Cinema is all about reflecting the human experience, and whether we think about it or not, eating is a large part of our lives. There are many instances of characters eating on film, but what about those times when the food is just tantalizingly talked about, glimpsed, nearly eaten, or even completely unseen? Consider this buffet of the most desirable meals in cinema that were not technically eaten an appe-teaser for your Thanksgiving celebrations.
10. The Pale Man’s Feast in Pan’s Labyrinth (2006)
When Ofelia (Ivana Baquero), in the midst of completing several tasks given to her by a magical faun in order to prove her immortality, encounters the Pale Man, she sees before the monster a “sumptuous feast” that the faun’s rulebook, the “Book Of Crossroads” warned her not to touch. On her way out of the room, Ofelia can’t help but pluck two tiny grapes from the table, which awakens the creature, who subsequently kills a few of her fairy companions. Given how robust and delicious the smorgasbord of fruits and sweetmeats looks, Ofelia should have brought a few more fairies to distract the Pale Man so she could really chow down.
9. Lisa’s Pizza in The Room (2003)
Ordering a pizza to keep Tommy Wiseau’s Johnny placated, his fiancee Lisa (Juliette Danielle) orders delivery. Sure, the pizza she orders — “half Canadian bacon with pineapple, half artichoke with pesto and light on the cheese” — sounds like some unholy Frankenstein’s monster of a dish, mixing sauces and ingredients that should never be mixed together. But who knows? Maybe it’s good! Whatever the case, it’s the perfect culinary representation of The Room, so it’s a shame we never get to actually see the fiasco of a pie, as a jump cut reveals Tommy and Lisa eating a plain cheese pizza. Let’s hope James Franco is more adventurous.
8. The Uneaten Candy of Willy Wonka and The Chocolate Factory (1971)
The opening of Willy Wonka and The Chocolate Factory introduces us to the film’s fantasy world of candy, a world in which confections aren’t just delicious but have magical properties. In Bill (Aubrey Woods) the candy man’s shop, he knows exactly what his schoolchildren customers want, giving the kids “a triple creme cup for Christopher, a squelchy snorter for Otis, a sizzler for June-Marie” before going into a sales pitch for a new Wonka bar and, well, himself. For the rest of the movie, we’re left to imagine what these crazy sounding treats look like, taste like, and do. A triple creme cup sounds pretty basic, but does a squelchy snorter make you snort every time you laugh? Does a sizzler make your head so hot that smoke comes out of your ears? It’s a bigger riddle than any the Oompa Loompas could pose. Time for a sequel! (Editor’s note: Roald Dahl did write a sequel to Charlie and the Chocolate Factory, called Charlie and the Great Glass Elevator, but it was never made into a film and does not elaborate on the enigmatic confections mentioned here.)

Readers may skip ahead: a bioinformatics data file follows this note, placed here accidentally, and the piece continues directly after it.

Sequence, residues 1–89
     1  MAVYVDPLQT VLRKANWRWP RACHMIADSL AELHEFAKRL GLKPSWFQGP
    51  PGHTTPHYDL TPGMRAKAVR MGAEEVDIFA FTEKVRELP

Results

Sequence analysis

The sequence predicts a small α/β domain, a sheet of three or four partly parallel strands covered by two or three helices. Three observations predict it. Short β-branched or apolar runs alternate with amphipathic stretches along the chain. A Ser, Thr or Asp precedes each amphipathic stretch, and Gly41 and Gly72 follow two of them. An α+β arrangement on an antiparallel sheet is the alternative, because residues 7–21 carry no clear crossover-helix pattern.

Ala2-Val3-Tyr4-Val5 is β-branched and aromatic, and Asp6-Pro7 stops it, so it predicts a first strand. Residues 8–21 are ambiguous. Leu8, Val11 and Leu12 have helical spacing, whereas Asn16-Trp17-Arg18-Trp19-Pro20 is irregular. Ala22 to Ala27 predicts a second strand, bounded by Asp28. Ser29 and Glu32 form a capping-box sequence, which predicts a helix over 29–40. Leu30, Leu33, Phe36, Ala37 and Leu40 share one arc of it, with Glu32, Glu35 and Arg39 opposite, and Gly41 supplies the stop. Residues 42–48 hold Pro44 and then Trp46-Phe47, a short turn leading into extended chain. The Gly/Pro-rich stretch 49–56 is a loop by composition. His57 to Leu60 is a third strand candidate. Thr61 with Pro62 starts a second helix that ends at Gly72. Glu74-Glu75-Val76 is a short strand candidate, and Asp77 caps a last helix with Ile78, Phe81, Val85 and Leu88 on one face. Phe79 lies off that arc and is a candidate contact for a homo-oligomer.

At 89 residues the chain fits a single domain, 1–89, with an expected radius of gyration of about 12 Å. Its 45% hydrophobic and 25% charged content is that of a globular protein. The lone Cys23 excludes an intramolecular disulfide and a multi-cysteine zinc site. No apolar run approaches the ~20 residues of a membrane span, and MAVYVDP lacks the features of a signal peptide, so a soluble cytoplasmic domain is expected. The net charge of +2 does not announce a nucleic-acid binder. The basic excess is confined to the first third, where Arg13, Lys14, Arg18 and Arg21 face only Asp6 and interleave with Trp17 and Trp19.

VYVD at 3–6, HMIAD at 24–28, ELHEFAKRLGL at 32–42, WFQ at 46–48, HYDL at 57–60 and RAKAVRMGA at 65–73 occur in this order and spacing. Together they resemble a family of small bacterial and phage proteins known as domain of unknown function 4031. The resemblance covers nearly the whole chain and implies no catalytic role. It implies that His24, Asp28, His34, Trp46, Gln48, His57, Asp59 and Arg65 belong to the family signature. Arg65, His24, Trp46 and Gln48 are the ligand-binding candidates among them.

7. The Stomach Pounder in The Fog (1980)
After finding an odd piece of driftwood on the beach, young Andy Wayne (Ty Mitchell) bursts into his mother Stevie’s (Adrienne Barbeau) bedroom, excited to show the late-night radio DJ his eerie find. In the midst of mother/son pleasantries, Andy exclaims “Mom, can I have a stomach pounder and a Coke?” To which Stevie replies, “After lunch.” We never see Andy get this delicacy, which raises the question: just what the hell is it? And why does it have to come after lunch, and with a Coke? We may never know, but one possible answer comes in the form of a sequel to another of John Carpenter’s films, the 1995 Halloween entry The Curse Of Michael Myers. A character in that film gives his little brother his version of the infamous stomach pounder, which appears to be some kind of chocolate shake that the younger brother can’t take more than a sip of. Probably because he forgot about the Coke. What an idiot!
6. Po-tay-toes in The Lord Of The Rings: The Two Towers (2002)
Ever gone camping and wish you’d brought better food to eat? On their long journey to Mordor to destroy the Ring, Sam (Sean Astin) runs into this issue as he and his Hobbit companion, Frodo (Elijah Wood) cook a couple of rabbits that were caught in the wild by their guide, Gollum (Andy Serkis). Gollum is proud of his catch: “They are young, they are tender, they are nice! Eat them!” But Sam feels the menu is a little lacking: “What we need’s a few good taters.” Gollum has never heard of those. “What’s taters, precious?” Sam clarifies: “Po-tay-toes! Boil ‘em, mash ‘em, stick ‘em in a stew! Lovely, big golden chips with a nice piece of fried fish.” Gollum is unconvinced, but Sam’s fantasy meal sounds a lot more delicious than a makeshift wild rabbit stew next to a creature talking about eating “raw and wrrrrriggling” fish.
5. The Royale With Cheese in Pulp Fiction (1994)